These do not need to be solved to comply with the constitutional problem posed by McCleary. They are related however, and in some cases a practical system cannot be created without solving them.
What is the structure of the levy system after implementation?
What determines how much a district can raise? Many options have been proposed here, including per-student amounts, limits based on property values, etc. There is broad agreement that districts will be able to continue to raise levies, and that we will fix the current system which has a lot of arbitrary and capricious rates left over from the last time a solution like this was attempted 30-40 years ago.
If we have a levy system, the state needs to provide some help to districts that don’t have lots of commercial property to tax. We call this help levy equalization. Currently over 220 of the 295 districts receive equalization, which seems too high. This system has grown at about twice the rate of the amount of levies collected by the richer districts, which also seems not sustainable and looking for a solution.
How are the costs of benefits calculated?
The state is required to adequately provide for both salary and benefits. There seems to be reasonable agreement to tie the total to the PEBB rate (the rate the state pays for benefits for other state employees,) at least for healthcare. A question related to this is “do we create a state-run healthcare system for school employees?” If so, what are the bargaining rules around it? There is some thought that this would be cheaper and provide better healthcare, but again, there are large disagreements about this.
What changes to reporting are required to ensure compliance with basic education compensation rules? Do we do audits?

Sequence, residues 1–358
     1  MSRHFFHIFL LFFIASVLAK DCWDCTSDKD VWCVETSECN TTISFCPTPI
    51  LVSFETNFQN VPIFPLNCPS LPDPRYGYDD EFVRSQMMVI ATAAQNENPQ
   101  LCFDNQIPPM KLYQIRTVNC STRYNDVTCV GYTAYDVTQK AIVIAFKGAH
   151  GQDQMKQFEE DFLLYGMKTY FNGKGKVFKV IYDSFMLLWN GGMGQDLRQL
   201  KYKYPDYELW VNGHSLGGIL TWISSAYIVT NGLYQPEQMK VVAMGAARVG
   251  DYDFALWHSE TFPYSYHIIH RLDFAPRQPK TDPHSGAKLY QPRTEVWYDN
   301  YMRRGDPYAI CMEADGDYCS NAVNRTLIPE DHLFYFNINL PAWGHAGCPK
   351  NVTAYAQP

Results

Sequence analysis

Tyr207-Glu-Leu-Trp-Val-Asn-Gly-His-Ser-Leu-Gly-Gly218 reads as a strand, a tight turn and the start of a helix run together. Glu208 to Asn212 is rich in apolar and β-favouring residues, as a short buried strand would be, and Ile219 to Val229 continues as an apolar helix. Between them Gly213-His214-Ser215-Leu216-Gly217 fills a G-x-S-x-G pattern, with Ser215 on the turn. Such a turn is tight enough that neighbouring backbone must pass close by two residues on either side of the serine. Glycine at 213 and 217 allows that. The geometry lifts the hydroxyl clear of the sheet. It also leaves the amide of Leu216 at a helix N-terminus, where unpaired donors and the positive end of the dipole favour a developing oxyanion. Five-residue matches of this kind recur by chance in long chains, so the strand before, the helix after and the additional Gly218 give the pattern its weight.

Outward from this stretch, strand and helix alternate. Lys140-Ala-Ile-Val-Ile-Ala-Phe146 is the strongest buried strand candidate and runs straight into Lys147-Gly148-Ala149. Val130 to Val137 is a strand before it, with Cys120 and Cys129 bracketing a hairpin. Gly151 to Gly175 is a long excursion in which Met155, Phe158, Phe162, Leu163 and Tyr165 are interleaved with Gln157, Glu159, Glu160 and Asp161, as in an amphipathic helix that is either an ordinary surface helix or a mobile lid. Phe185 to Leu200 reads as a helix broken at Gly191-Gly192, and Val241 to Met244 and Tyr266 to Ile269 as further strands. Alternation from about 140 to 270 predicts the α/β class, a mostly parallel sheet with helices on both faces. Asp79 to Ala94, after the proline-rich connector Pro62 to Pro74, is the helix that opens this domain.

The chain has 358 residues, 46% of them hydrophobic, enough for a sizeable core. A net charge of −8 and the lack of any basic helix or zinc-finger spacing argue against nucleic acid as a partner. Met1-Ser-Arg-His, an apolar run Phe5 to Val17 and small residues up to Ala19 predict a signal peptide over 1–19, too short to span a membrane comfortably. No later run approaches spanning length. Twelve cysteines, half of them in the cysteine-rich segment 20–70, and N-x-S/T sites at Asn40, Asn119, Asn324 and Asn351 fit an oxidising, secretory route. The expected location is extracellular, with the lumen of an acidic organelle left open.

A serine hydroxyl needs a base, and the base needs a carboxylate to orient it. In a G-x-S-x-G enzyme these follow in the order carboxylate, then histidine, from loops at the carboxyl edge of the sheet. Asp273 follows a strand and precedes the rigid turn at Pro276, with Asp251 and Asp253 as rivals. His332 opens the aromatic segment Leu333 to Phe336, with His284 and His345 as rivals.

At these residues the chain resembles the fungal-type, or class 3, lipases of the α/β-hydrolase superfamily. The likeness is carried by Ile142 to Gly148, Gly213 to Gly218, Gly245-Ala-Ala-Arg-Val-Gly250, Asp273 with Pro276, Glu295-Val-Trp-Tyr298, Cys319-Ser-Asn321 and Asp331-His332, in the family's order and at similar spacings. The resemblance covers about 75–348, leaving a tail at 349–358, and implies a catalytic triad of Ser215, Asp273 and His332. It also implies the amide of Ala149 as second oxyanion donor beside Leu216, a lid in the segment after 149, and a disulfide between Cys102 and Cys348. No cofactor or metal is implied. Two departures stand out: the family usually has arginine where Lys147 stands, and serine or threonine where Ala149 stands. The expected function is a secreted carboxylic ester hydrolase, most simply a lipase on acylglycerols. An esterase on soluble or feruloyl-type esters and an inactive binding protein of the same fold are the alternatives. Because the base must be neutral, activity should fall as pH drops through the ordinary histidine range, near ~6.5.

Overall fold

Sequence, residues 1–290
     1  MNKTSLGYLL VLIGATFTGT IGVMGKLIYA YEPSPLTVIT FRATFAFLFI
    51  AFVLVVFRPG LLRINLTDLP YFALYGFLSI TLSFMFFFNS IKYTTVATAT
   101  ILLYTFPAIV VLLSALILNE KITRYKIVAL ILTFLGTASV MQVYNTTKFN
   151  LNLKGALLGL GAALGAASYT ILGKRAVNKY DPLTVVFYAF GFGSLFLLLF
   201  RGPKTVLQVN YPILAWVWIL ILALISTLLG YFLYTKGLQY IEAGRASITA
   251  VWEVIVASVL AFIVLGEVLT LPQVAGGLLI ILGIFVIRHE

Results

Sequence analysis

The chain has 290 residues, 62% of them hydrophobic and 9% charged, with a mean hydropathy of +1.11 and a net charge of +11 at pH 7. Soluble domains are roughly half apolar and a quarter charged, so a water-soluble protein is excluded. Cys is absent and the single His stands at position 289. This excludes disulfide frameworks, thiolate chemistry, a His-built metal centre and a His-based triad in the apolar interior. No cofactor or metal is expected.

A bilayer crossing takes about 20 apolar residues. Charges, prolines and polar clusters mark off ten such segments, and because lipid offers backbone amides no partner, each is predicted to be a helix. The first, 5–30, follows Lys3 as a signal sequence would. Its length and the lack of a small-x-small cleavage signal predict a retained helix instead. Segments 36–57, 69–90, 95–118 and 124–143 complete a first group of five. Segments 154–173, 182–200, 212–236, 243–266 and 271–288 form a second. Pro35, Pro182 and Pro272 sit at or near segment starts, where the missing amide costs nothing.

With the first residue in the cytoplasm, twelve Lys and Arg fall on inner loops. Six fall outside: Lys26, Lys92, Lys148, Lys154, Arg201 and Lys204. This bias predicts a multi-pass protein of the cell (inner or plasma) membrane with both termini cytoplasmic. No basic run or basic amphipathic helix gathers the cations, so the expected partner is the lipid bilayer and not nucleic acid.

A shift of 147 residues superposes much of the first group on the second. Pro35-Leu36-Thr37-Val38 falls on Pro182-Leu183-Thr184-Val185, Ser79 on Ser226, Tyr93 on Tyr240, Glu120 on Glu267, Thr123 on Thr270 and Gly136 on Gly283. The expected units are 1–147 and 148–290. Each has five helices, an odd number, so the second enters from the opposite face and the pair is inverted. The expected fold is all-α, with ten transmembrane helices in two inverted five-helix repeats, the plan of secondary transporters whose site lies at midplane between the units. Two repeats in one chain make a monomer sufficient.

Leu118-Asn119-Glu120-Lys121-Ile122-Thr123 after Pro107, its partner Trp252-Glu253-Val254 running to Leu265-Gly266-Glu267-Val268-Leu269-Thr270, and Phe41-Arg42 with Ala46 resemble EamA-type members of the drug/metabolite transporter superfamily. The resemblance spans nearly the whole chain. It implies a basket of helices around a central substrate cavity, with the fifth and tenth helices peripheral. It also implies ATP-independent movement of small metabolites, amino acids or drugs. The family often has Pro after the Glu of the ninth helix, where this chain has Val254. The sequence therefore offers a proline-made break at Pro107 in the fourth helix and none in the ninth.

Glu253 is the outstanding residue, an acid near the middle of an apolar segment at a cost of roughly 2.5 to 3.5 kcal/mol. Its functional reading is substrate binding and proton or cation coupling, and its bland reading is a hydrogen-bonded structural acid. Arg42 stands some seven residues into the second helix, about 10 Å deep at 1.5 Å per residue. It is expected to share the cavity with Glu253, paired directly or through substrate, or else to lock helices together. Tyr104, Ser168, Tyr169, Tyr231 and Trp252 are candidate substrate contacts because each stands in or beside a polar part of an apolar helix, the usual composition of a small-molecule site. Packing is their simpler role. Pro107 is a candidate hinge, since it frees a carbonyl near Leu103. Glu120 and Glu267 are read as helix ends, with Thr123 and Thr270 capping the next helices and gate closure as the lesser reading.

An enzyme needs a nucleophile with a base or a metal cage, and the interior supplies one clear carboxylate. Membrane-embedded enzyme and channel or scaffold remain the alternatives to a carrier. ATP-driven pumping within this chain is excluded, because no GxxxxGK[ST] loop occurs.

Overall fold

Should we make other changes while we have the patient opened up?
- Career and Technical Education (CTE) changes to MSOC? Possible to convert to an excess cost model like special ed. This would be simpler.
- Small school factor. The new resources are changing the impact of the small school factor. Does it need to be changed?
- Do we retain a state-mandated salary grid? If YES, what changes do we make to it? Are they just for new teachers, or do they apply to existing teachers as well? Is there a standard grid for classified employees? We do not currently have one. If NO, do we impose rules around local compensation bargaining beyond those required to ensure compliance with the “no local money for basic ed” rule?
This set of problems can be resolved. There are lots of parts that Republicans and Democrats disagree on. There are lots of parts that urban and rural legislators disagree about. There are just a lot of parts.
The changes will be wrenching, but in the end we’ll have a system that is fairer to all districts, pays teachers and staff adequately, allows local levies to be used for enhancements, not for making up compensation costs that the state doesn’t fund adequately, and the tax system will be more fair. This seems like a good outcome.
All sides will need to compromise to get a solution that makes sense and will last for the next 20-30 years.